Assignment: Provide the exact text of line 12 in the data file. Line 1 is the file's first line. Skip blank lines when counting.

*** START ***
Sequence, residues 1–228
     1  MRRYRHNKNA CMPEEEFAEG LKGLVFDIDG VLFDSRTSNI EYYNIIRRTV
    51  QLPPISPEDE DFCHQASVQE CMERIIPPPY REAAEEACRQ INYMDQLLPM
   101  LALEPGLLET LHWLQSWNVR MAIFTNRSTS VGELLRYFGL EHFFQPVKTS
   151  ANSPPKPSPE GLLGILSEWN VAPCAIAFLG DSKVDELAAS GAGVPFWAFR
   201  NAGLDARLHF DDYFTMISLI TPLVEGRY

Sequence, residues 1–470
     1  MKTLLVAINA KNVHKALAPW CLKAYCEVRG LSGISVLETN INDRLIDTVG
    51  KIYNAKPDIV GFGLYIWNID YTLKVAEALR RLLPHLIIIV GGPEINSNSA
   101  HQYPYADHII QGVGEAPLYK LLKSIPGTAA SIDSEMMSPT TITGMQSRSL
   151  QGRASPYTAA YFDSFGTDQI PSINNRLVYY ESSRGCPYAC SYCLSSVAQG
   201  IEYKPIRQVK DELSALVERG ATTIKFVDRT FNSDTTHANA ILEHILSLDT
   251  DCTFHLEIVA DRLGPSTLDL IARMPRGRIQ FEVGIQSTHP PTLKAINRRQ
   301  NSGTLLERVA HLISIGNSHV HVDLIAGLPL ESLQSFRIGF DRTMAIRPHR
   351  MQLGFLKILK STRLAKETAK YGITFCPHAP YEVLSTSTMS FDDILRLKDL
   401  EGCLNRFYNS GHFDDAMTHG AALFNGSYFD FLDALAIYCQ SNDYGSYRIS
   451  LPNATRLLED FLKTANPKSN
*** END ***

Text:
   201  IEYKPIRQVK DELSALVERG ATTIKFVDRT FNSDTTHANA ILEHILSLDT